The prevalence of mental health conditions in Malaysia has increased in recent years, from an estimated 10.6% in 1996 to 29.2% in 2015.1 The World Health Organization (WHO) has estimated that they now account for 16.8% of the global burden of disease in the country. Unfortunately, many people do not ever seek treatment , or they wait until they have been suffering for a long time.1
Only an estimated 44.1% of the people who need treatment receive it, likely because of stigma or not understanding that what they are experiencing is a mental health condition.1,2 Many people in Malaysia cannot recognize the signs of a mental health condition, and they may not be aware of available resources. Even when they are, there are a shortage of clinicians. There is only one psychiatrist and one clinical psychologist to every 100,000 Malaysians; in 2017, there were only 15 clinical psychologists employed in the public health service sector throughout the entire country.2
Advocates say that a contributor to the problem is Malaysia’s penal code section 309. Section 309 criminalizes suicide attempts, and 10% of people who are found by officers to have attempted to take their own life are taken to court. If found guilty, they can be punished by a fine and/or up to a year in prison. Experts say that rather than deterring suicide, laws such as these contribute to stigma and fear, and keep people from getting the help they very much need.3 Consistent with this argument, a 2014 report by the WHO found that suicide rates often decline in countries when suicide is decriminalized, since people are more willing to seek treatment.4 The WHO recommended that all countries review their laws to make sure they weren’t acting as a barrier to care. The Malaysian government is now considering removing the law, like their neighbor Singapore did earlier this year. Datuk Liew Vui Keong, a minister in the prime minister’s legal department, says he is committed to decriminalization before the end of the year and that those already in prison for the crime should be released once it is removed.3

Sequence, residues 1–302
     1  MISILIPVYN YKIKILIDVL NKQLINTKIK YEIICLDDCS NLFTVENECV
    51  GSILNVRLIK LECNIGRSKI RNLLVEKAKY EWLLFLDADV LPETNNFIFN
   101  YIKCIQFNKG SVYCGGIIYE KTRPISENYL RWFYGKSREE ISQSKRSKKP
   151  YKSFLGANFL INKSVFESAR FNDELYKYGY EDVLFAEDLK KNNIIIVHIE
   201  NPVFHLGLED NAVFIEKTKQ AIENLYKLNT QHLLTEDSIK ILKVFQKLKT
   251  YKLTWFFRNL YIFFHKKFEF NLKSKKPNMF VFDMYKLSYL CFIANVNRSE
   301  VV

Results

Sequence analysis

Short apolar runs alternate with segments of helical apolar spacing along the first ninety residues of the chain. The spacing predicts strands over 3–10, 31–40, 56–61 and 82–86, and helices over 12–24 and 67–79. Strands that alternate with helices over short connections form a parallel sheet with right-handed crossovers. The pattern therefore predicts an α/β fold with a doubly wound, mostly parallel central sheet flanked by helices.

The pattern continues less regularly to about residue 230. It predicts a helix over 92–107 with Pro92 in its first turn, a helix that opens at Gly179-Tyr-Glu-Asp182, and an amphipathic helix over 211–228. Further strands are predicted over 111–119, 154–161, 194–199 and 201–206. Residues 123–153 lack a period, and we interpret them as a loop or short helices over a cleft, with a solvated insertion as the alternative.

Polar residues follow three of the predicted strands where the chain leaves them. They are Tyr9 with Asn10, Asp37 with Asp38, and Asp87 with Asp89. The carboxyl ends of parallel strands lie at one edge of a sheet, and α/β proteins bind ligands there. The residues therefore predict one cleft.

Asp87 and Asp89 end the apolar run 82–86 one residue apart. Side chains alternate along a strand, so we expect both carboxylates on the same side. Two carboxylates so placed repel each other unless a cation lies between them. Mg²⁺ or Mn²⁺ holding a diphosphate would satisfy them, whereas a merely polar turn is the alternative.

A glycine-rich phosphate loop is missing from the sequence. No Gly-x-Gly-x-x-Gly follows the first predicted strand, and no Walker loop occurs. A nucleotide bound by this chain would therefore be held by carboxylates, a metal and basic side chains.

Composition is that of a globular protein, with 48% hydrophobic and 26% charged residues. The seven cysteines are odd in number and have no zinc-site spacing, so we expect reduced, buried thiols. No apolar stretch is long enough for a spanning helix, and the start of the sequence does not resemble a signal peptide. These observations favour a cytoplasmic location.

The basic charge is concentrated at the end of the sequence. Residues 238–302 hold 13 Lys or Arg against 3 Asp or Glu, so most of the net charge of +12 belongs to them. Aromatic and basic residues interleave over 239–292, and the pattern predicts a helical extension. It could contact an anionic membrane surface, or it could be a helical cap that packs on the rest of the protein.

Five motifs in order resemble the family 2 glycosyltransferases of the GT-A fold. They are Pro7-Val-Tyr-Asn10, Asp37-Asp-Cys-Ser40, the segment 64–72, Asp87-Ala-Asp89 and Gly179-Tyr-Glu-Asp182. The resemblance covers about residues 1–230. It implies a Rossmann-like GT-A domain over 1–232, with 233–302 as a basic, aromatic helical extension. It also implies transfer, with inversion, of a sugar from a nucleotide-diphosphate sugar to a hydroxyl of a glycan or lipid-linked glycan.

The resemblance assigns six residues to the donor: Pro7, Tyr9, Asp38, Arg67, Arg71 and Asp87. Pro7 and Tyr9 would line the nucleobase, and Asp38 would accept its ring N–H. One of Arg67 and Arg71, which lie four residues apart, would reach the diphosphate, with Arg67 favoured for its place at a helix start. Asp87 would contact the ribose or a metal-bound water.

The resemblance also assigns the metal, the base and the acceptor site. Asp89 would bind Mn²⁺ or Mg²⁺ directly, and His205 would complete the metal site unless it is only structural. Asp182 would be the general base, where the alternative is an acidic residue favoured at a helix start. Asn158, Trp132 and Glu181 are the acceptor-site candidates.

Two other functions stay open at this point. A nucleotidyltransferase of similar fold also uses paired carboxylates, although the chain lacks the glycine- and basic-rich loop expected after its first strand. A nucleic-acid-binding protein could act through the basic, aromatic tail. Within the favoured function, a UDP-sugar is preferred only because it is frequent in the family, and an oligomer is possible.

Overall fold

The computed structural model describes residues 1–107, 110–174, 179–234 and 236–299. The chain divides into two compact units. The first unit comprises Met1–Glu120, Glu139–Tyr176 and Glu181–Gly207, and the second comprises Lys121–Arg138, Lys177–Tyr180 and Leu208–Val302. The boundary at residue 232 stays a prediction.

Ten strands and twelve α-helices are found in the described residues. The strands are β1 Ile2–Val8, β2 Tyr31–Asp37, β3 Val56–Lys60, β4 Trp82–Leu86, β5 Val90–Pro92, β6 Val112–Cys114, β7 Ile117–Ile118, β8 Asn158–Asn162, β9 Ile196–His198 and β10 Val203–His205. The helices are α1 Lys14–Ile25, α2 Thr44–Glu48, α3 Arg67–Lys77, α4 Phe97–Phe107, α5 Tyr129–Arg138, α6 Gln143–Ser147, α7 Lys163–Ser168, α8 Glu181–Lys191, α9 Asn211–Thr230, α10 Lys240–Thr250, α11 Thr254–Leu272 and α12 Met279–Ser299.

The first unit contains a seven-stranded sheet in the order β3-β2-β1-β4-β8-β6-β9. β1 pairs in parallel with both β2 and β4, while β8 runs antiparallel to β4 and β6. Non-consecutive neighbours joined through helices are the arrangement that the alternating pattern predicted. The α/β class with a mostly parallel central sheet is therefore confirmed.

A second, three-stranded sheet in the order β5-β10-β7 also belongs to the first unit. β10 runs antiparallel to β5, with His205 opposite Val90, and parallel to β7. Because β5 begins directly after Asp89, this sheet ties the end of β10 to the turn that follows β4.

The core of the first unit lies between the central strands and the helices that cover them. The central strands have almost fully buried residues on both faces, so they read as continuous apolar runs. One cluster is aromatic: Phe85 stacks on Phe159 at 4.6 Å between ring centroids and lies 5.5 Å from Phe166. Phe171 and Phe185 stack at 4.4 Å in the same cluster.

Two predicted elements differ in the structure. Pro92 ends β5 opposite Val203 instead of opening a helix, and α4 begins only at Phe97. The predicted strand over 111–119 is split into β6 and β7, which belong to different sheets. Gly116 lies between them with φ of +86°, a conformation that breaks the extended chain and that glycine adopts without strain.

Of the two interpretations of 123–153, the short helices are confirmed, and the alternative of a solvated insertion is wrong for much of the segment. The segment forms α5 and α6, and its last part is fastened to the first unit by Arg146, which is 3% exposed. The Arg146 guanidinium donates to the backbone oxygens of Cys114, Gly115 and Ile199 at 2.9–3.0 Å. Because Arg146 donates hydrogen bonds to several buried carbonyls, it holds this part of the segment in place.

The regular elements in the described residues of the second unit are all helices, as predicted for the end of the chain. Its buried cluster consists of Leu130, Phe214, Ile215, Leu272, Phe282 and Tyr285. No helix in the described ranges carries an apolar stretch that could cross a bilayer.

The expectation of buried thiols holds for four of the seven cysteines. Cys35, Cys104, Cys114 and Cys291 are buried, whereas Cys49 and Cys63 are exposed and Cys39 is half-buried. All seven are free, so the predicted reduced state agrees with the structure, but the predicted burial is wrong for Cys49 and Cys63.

Employers can support their workforce in Malaysia and around the world by offering a comprehensive suite of mental health initiatives, including employee assistance programs (EAPs); suicide prevention and postvention activities; peer and manager trainings; awareness and education campaigns; health benefits for psychological therapies; and anti-stigma projects.
Business Group on Health Resources
- Mental Health Benefits Around the World: Employer Programs and Challenges
- How Employers Can Address Mental Health Stigma Globally
- Using the Power of Storytelling to Address Mental Health Stigma and Employee Well-Being
- Global Employee Assistance Programs: Going Beyond EAP for Mental Health
- Suicide: An Increasing Concern for Global Employers
- Key Insights: Industry Benchmarking Calls on Mental Health
- Global Employee Assistance Programs
- 1 | Ibrahim N, Lee TC, Midin M, Zainal NZ. Mental health services in Malaysia. Taiwanese Journal of Psychiatry. 2018;32(4):281-293.
- 2 | Ning CS. Workplace mental health: The business costs. RELATE Malaysia;2020.
- 3 | Burns-Pieper A. Reform urged in Malaysia after disabled man is jailed for attempted suicide. The Guardian;2020.
- 4 | Preventing suicide: a global imperative. Geneva: World Health Organization 2014.